If someone were to ask me ‘what’s your perfect restaurant’, my immediate riposte would be ‘doesn’t exist’. However if pressed on the matter and with a bit of thought behind it i’d probably mention something about this mythical establishment having wine, yes plenty of wine, and.. great - nay - outstanding service. It goes without saying that the food should be worth the detour and of course nothing too extortionate.
At which point this all starts to look a bit dull, because this is exactly what most people over the age of 30 who have had the chance to enjoy a decently cooked meal would also ask for - but could never find it. Instead we end up at Nando’s again or (worse) desperately parsing Deliveroo for the third time this week.
Well you’ll be quite pleased to hear that it won’t be Deliveroo again this Friday as Les 110 de Taillevent very closely fits the description of ‘perfect restaurant’. So good in fact it *almost* knocks Noble Rot from its perch.
Here’s the basics. The restaurant is the ‘petite soueur’ of revered Parisian institution Taillevent - an venerable establishment which over its 70 year history has launched the careers of many a legendary chef (a St.John of Paris if you will).
The rather elongated name involving the number 110 references the fact that the restaurant is bloody serious about wine, offering 110 of them by the glass - a concept which carries over from the big sister in Paris (so far so perfect). Each wine is assigned a pairing with a dish on the menu. Obviously there’s not 110 dishes, instead there are four wine matches for each dish, all at graduating price points (roughly £8, £14, £,20 and over £20).
When dining at a restaurant such as Les 110, it makes sense to go with the classics. Cornish crab rémoulade neatly crowned with paper thin slices of radish was an excellent start. This, a recreation of one of the famous dishes from the original Taillevent, was a bold statement - a decadently rich rémoulade, broken by the freshness of the Loire Sauvignon - a masterful match.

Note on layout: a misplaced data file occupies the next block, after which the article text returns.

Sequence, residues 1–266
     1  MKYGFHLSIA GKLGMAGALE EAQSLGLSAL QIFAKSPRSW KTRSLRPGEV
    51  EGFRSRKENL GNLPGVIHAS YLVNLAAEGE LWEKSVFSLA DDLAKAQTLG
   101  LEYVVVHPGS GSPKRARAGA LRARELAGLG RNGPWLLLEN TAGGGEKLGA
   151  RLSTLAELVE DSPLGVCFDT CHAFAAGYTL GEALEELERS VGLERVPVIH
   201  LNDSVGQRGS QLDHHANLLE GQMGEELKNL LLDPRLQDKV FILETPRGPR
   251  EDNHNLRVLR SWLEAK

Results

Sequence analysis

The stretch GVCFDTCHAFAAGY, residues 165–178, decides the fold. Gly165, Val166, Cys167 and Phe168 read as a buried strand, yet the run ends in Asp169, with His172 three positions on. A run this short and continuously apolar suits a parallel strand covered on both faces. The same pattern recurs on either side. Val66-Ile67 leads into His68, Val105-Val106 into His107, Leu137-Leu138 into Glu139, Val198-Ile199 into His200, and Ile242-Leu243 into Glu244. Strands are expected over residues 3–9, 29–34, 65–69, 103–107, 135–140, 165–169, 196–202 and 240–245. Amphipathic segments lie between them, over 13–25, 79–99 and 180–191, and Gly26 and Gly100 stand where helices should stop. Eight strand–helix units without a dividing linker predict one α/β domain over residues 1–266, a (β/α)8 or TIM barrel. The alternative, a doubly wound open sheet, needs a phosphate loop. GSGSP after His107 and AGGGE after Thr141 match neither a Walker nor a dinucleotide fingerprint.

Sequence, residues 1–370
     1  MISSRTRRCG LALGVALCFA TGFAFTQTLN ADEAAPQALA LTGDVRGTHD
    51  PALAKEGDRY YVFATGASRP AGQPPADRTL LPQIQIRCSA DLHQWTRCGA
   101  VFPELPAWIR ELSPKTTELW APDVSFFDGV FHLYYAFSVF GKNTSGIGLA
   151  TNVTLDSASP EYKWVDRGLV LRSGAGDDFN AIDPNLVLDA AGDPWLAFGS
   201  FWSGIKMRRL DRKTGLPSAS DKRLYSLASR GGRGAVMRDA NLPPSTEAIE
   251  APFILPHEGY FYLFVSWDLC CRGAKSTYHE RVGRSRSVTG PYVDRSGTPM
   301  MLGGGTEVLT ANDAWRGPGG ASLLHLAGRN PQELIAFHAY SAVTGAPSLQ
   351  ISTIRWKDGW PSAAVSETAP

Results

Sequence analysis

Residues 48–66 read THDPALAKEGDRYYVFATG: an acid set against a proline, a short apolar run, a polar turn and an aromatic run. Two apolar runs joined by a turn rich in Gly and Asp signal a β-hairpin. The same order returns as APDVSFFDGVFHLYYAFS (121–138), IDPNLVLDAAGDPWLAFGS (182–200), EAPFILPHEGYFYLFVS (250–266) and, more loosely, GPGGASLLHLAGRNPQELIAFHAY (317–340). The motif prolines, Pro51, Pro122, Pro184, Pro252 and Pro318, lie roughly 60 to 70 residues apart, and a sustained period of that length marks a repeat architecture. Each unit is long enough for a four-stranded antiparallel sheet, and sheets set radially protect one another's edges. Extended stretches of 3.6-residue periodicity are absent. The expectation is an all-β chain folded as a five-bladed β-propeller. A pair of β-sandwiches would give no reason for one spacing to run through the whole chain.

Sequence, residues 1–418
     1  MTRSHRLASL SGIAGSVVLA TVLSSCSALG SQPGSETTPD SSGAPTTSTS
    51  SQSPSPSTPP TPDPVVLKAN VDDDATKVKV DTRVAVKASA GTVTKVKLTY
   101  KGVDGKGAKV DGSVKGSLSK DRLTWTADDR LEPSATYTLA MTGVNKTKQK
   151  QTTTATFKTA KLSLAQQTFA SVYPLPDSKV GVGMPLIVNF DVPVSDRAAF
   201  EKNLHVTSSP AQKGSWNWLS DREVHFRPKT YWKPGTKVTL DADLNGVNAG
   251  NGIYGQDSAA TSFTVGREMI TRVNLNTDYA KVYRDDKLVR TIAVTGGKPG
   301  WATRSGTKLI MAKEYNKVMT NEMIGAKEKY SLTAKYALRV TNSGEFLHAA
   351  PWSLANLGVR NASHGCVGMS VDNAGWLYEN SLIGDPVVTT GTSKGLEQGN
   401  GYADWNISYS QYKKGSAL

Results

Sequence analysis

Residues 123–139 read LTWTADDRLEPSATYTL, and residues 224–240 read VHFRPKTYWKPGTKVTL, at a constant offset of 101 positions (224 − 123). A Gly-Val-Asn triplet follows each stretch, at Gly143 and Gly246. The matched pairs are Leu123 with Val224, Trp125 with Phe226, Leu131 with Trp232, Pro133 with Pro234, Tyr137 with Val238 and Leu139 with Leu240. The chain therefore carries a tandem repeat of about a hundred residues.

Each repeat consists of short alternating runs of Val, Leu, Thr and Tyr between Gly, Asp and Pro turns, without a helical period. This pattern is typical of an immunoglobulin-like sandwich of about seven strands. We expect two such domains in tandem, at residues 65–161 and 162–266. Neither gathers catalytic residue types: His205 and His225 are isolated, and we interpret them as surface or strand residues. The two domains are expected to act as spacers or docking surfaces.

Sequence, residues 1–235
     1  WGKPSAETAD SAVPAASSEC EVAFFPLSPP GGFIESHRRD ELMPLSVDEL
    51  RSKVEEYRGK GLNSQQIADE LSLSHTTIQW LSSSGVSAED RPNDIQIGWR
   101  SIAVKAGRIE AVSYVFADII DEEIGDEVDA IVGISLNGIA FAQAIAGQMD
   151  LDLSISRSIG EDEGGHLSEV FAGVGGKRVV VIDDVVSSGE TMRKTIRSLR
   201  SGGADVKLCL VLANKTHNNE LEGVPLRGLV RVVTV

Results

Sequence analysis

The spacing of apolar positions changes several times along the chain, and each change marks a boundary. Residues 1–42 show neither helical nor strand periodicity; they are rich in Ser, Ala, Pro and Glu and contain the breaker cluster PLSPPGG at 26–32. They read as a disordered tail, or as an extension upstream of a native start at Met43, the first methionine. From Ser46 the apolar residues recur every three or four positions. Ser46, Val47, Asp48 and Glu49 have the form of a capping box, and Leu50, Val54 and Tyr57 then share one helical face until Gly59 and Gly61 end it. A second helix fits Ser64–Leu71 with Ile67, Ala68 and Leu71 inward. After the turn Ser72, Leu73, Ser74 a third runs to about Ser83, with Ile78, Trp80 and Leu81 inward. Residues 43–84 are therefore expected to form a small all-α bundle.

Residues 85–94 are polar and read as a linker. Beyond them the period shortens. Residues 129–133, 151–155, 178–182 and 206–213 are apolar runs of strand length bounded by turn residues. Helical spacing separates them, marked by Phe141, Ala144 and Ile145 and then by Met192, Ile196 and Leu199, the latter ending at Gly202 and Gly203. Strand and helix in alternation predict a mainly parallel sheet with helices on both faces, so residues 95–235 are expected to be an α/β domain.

Our other starter, Scottish Langoustine Tartare was similarly impressively plated - a balanced, symmetrical plate dotted with caviar and painted with a luminescent stroke of sauce.
Glasses whisked away and replenished and we were straight into mains. These two polar, but equally delicious expressions of Pinot comprised of Felton Rd Cornish Point - an energetic wine showcasing the deeper smokier side of this varietal and a Cote de Nuits-Villages from Domaine Julien 2013, lighter on the palate but still showing very well at such a young age.
Accompanying this fine liquid, our mains were composed of a series of French classics. Lobster served two ways is another Taillevent classic - Part 1 - a meaty chunk of roasted tail with a swipe of butternut squash, a thick bisque poured overtop and Part 2 - a consommé with a single lobster raviole and medley of vegetables. In keeping with their tres French vibe, sauces are poured at the table, something of a signature which they manage to pull off with no ceremony, just class.
The second set of mains were an attempt to finish us. A hearty veal chop served off the bone (they’d asked if we wanted to keep the bone and I very nearly agreed) with butternut squash puree and yet more magnificent jus. Despite the generous portion, the plate returned totally clean.
To finish came two show stopping desserts which demonstrate some real talent in the pastry section. Calamansi lemon, passion fruit, meringue, shortbread, tequila & lime sorbet - a dessert which is not as it seems. Quenelles of sorbet made from tequila & lime with a thin sheet of passionfruit sitting atop - worked out to be a dance of sweetness and acidity.
For the closing act, another French classic executed Taillevent-style. Baba au Rhum - this small citrus flavoured cake comes soaked in brandy and presented to the table doused in flaming booze. Quite the punchy way to finish.
With a seasonally changing menu, talented team in the kitchen, charming team out front and not to forget those 110 wines by the glass, Les 110 manages to be so much more than just a modest Parisian brasserie. It manages to appeal on so many levels by effortlessly fusing classic and modern interpretations- delivered in a thoughtful but unpretentious manner.
Les 110 de Taillevent is running a summer menu promotion with the FT as part of their 'Summer menu series'. The menu consists of a four course tasting menu with glass of Laurent-Perrier for £48pp. For more info and to book visit here.
We dined as guests of the restaurant